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The effect of specific immunotherapy on the expression of costimulatory molecules in late phase reaction of the skin in allergic patients

Journal article
Authors Halina Plewako
Monica Arvidsson
Iolanda Oancea
Bengt Hasséus
Ulf Dahlgren
Sabina Rak
Published in Clin Exp Allergy
Volume 34
Issue 12
Pages 1862-1867
Publication year 2004
Published at Institute of Internal Medicine, Dept of Rheumatology and Inflammation Research
Institute of Internal Medicine, Dept of Respiratory Medicine/Allergology
Institute of Odontology, Department of Endodontology/Oral Diagnosis
Pages 1862-1867
Language en
Subject categories Respiratory Medicine and Allergy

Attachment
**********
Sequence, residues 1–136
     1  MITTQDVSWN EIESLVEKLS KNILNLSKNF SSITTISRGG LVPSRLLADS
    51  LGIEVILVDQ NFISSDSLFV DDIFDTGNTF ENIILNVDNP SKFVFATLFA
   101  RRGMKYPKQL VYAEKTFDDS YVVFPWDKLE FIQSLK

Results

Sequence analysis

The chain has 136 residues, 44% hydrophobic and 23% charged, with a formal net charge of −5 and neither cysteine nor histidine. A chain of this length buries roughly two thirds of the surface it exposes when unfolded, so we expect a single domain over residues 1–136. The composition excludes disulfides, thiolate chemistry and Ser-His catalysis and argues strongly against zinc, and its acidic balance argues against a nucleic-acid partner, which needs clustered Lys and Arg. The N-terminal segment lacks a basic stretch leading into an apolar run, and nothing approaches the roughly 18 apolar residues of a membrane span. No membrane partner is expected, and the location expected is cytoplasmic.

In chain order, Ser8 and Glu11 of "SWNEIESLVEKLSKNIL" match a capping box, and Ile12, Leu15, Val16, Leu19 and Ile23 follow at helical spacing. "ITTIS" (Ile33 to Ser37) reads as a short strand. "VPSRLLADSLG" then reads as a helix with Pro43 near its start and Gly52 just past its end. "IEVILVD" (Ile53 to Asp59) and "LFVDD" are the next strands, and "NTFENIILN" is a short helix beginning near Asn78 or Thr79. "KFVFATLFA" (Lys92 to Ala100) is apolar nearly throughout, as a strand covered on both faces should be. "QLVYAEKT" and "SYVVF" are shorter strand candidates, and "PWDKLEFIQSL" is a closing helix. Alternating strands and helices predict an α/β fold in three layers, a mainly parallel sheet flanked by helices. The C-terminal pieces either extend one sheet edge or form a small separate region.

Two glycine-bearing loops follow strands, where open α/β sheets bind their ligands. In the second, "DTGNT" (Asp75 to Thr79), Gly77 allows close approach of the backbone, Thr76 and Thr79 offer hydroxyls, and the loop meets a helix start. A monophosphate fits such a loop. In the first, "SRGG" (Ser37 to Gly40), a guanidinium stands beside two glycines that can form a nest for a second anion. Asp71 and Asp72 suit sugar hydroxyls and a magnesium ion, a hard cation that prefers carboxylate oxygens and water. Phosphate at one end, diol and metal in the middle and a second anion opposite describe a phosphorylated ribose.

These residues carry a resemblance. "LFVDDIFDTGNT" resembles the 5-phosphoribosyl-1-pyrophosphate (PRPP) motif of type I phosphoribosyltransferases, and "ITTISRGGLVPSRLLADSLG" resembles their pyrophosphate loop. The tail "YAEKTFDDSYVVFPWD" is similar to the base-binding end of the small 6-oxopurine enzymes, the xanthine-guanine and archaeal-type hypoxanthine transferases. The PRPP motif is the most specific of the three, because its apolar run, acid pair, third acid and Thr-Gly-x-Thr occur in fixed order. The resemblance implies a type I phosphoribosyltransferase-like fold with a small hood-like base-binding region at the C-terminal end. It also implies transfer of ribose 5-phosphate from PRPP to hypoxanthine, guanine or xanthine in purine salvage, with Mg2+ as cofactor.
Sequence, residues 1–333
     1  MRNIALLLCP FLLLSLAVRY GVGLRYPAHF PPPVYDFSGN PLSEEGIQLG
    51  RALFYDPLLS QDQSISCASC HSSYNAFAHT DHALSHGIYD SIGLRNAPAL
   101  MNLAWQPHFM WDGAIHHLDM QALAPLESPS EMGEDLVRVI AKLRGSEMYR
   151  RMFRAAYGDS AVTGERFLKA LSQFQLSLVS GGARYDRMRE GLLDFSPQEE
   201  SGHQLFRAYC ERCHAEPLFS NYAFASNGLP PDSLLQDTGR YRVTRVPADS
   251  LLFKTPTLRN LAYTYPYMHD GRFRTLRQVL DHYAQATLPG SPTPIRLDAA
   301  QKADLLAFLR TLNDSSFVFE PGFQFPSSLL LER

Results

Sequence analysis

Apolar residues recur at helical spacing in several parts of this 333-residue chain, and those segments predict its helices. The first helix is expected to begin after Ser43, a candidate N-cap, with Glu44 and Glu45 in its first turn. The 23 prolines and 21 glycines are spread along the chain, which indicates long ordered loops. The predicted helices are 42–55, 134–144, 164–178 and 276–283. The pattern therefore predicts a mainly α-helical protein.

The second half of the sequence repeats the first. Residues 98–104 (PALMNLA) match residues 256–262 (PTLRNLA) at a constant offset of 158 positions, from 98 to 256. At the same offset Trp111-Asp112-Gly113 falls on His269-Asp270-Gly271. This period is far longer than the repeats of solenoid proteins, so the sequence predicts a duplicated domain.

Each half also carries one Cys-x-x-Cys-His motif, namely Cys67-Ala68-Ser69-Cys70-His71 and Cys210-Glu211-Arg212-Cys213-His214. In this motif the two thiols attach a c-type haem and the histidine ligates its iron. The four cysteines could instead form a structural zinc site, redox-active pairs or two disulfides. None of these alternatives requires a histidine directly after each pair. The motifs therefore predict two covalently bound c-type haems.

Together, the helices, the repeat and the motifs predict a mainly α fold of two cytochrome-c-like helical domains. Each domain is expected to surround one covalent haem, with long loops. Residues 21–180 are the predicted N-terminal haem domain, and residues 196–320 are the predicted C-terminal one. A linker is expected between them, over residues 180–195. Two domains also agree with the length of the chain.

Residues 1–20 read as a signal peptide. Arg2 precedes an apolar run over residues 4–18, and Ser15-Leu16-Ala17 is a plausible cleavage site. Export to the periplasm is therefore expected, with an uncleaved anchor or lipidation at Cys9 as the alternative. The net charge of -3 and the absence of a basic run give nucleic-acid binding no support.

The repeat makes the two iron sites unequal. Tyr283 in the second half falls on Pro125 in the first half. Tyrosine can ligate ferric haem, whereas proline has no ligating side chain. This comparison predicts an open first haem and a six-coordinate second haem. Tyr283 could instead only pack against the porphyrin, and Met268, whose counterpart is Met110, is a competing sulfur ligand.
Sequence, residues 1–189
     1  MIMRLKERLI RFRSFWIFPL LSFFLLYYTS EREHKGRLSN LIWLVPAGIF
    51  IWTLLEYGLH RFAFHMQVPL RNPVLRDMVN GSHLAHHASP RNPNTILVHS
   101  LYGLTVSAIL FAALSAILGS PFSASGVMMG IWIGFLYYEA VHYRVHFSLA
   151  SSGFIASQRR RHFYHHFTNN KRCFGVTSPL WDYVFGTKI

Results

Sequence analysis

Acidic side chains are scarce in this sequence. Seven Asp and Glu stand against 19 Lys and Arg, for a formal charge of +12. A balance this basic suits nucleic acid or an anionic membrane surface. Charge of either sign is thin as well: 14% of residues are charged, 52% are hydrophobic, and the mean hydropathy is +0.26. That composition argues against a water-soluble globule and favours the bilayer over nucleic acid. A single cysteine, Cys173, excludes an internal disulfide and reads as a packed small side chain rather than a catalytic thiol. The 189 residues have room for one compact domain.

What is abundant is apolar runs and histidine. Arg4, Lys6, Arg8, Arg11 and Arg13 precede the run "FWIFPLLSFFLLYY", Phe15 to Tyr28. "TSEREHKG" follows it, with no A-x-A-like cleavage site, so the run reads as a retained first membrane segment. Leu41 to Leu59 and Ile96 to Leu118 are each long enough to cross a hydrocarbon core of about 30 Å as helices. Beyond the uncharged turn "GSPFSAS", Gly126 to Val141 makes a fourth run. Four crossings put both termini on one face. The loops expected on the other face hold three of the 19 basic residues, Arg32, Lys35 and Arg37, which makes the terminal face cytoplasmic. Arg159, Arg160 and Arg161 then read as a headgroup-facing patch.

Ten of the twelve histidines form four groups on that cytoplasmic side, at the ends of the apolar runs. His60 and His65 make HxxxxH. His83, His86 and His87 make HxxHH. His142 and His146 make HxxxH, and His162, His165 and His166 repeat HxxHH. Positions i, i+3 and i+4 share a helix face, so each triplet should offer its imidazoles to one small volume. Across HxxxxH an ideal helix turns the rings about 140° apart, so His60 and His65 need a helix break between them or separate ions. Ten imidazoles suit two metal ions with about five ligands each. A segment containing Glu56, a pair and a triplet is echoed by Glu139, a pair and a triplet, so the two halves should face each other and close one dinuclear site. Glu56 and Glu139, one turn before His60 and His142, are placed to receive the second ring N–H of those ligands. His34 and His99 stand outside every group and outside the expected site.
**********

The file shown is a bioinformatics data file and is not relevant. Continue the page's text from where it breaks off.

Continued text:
Background Specific immunotherapy (SIT) modulates immune responses to allergens resulting in improvement of allergic symptoms. However, the mechanisms behind the clinical changes are not clear. Participation of costimulatory molecules on antigen-presenting cells and T cells in the process of antigen recognition is suggested to be of essential importance. The SIT effect on expression of costimulatory molecules has not been earlier examined. Methods Forty-one birch-allergic patients were treated with SIT or placebo. After 1 year of treatment skin biopsies were obtained 24 h following allergen challenge. Sections were stained with antibodies against: EG2 (eosinophils), CD4 (T cells), CD68 (macrophages), CD1a (Langerhans cells), CD28 (on T cells) and costimulatory molecules (CD80, CD86). Results Following allergen challenge number of the CD4+ and CD68+ cells increased significantly (P=0.002, 0.0001, respectively) in the placebo, but not in the SIT-treated patients. The difference between groups was significant (P=0.003, 0.01, respectively). The numbers of EG2+ cells increased significantly in both groups. CD80+ cell numbers increased in the placebo (P=0.01) but not in the SIT group. The number of CD86+ cells increased in both groups (placebo, P=0.001; SIT, P=0.01) but significantly less in the SIT group (P=0.05). The numbers of CD28+ cells increased in the placebo (P=0.001) but remained unchanged in the SIT group. The difference between the groups was significant (P=0.05). Conclusion There were lower numbers of cells expressing costimulatory molecules in SIT-treated than in placebo-treated patients. Decreased costimulation may lead to diminished immune response following allergen exposure. This could be an important factor contributing to the clinical improvement after SIT.

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